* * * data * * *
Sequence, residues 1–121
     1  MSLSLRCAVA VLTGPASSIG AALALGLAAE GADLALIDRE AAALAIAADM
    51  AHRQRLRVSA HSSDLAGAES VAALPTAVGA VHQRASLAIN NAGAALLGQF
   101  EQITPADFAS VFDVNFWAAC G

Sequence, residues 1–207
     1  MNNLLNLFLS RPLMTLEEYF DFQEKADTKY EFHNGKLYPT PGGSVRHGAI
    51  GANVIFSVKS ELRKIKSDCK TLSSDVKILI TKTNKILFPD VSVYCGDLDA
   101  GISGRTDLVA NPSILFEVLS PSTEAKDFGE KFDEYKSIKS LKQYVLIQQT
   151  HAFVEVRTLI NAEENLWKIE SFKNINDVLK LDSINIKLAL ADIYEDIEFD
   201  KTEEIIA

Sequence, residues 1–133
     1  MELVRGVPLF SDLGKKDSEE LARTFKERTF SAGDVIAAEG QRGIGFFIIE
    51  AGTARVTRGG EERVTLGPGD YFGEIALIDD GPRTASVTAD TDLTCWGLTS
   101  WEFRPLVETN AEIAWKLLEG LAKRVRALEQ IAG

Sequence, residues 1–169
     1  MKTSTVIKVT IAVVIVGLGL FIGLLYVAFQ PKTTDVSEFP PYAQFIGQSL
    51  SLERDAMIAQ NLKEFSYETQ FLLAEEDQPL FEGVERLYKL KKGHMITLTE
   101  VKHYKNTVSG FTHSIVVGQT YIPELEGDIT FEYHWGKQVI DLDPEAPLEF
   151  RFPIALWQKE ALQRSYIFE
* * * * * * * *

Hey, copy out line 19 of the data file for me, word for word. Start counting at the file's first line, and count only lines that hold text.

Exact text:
   151  RFPIALWQKE ALQRSYIFE